Ah, the good old 'Ideas Have Value' argument.
The trouble with these arguments is that they usually involve some guy who has little or no practical development experience, trying to tell experienced developers how they think industry should work. Meanwhile the experienced guys try to explain how it actually does work.
Unimplemented ideas have no value. If you don't believe this, feel free to try and prove me wrong. Daydream up a bunch of game ideas and try to sell them. A thing is worth what someone will pay for it, after all.
You're exactly right, someone with enthusiasm suggests how they think things should be and someone worn down by the industry talks beside the question by stating how things are.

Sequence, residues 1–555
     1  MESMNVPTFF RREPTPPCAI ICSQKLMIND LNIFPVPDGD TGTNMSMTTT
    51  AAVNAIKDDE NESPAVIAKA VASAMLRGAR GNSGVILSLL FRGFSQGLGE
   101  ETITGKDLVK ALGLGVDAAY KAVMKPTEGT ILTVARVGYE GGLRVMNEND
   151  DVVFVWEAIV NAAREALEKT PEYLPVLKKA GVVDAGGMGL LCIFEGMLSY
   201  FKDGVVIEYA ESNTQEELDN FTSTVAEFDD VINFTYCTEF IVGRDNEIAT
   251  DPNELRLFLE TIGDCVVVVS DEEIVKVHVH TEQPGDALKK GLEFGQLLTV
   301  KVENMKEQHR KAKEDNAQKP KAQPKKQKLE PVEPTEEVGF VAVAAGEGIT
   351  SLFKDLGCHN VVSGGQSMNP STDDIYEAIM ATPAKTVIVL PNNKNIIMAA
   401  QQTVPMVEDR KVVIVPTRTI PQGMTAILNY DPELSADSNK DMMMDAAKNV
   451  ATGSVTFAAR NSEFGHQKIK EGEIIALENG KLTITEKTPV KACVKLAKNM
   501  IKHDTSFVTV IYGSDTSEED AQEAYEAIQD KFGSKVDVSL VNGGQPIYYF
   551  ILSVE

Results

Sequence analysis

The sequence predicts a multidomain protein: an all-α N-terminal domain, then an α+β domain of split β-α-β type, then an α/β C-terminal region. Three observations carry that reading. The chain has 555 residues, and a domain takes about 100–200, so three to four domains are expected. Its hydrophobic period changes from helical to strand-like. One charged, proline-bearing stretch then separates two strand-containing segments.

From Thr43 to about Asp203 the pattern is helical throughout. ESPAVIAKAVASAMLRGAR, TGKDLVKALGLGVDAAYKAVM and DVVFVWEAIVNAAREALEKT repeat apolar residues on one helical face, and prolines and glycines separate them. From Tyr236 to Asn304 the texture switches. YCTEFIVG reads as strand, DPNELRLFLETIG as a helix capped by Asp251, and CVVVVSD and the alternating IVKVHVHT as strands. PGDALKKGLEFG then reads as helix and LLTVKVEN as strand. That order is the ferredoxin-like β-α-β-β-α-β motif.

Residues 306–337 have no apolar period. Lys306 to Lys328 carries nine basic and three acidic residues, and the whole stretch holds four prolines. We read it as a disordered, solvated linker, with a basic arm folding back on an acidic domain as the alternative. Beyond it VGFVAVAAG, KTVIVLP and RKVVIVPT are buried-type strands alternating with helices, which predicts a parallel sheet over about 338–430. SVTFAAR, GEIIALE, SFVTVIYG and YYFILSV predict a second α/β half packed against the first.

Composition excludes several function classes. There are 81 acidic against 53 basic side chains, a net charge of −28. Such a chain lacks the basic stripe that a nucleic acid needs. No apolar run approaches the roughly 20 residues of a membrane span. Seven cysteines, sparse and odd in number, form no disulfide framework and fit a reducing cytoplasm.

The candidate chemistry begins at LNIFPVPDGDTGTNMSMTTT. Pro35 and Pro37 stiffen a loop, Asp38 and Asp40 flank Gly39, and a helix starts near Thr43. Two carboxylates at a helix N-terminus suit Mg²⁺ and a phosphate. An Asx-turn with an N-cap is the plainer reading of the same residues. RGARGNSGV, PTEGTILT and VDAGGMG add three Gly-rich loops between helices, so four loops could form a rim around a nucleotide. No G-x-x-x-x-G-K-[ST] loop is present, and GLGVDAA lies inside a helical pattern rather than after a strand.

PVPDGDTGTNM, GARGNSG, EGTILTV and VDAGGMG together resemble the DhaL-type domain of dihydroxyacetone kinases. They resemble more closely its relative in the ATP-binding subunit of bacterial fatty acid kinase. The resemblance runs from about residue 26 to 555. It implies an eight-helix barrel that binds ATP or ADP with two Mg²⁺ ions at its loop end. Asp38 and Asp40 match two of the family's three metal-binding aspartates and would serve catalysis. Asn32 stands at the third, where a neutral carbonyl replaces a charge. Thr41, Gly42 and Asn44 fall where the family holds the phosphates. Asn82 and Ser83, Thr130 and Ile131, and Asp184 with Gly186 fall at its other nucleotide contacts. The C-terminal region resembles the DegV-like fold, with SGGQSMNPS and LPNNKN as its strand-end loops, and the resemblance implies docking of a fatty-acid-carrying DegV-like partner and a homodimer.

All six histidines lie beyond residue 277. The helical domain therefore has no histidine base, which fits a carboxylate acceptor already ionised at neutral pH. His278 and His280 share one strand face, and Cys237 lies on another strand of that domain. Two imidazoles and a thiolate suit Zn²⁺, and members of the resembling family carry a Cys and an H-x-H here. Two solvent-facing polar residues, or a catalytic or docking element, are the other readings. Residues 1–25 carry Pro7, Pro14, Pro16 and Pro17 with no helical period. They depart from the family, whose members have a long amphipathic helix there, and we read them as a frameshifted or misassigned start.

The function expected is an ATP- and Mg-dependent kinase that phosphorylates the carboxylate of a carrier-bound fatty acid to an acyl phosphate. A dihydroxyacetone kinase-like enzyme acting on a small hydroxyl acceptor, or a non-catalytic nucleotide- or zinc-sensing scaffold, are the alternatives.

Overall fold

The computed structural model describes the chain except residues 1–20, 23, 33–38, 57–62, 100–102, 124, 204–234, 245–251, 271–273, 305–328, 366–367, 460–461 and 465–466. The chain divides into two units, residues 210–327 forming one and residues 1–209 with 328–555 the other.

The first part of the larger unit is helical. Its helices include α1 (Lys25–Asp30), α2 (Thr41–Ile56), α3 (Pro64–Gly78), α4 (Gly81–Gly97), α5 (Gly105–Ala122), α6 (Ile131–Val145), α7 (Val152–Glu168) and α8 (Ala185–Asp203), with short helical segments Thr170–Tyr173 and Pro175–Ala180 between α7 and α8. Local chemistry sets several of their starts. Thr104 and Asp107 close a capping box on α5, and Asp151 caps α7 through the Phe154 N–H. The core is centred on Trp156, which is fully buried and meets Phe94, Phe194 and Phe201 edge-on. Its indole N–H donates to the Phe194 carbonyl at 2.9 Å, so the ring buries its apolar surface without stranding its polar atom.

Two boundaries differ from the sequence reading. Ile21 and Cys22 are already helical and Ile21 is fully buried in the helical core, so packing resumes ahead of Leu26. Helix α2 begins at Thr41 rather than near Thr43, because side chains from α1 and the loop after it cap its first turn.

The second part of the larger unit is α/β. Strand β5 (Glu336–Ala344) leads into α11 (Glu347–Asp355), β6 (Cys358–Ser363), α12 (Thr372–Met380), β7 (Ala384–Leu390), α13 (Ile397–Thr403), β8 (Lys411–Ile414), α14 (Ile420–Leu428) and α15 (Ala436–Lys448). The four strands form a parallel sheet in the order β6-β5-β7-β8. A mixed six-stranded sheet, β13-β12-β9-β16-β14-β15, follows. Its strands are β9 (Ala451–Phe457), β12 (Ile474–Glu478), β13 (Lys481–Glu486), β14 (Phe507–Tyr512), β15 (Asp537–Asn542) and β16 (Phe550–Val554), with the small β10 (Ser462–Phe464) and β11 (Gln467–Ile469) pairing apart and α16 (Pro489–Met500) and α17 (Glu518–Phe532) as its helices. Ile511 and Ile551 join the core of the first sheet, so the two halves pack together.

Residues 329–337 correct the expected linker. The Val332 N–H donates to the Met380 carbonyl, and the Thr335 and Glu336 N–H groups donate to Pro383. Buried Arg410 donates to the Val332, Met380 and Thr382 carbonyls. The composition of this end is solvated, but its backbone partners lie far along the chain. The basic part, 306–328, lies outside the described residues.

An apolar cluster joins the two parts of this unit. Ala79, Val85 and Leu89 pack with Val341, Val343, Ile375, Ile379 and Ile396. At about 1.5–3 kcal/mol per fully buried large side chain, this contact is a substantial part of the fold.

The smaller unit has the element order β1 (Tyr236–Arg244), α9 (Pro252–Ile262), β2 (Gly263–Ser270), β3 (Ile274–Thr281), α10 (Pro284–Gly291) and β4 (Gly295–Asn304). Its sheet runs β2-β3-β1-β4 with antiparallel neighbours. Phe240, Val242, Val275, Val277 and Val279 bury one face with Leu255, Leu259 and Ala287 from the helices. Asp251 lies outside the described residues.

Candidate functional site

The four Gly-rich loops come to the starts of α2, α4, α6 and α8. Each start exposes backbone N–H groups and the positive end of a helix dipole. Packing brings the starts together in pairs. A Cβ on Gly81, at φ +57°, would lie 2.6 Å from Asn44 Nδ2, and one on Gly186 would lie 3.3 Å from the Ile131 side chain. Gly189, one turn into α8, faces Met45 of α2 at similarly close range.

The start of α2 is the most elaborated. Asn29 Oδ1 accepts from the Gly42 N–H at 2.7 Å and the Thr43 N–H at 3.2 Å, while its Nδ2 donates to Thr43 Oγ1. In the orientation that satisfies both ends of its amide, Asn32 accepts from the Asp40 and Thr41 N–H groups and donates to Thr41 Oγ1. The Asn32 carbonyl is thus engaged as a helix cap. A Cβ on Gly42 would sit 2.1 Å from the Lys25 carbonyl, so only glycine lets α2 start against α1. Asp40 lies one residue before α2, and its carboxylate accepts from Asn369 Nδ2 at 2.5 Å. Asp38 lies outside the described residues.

I never said unimplemented ideas have any value, it's the passion and vision of a talented game designer that give them value, but that doesn't mean that there isn't such a thing as a bad and a good idea. And a great idea for that matter.
If a thing is worth what someone will pay for it, the Call of Duty series must be the epitome of gaming.
If it's of any value, I'm not making record sales with any of my game designs because I don't think I have what it takes to be a master game designer.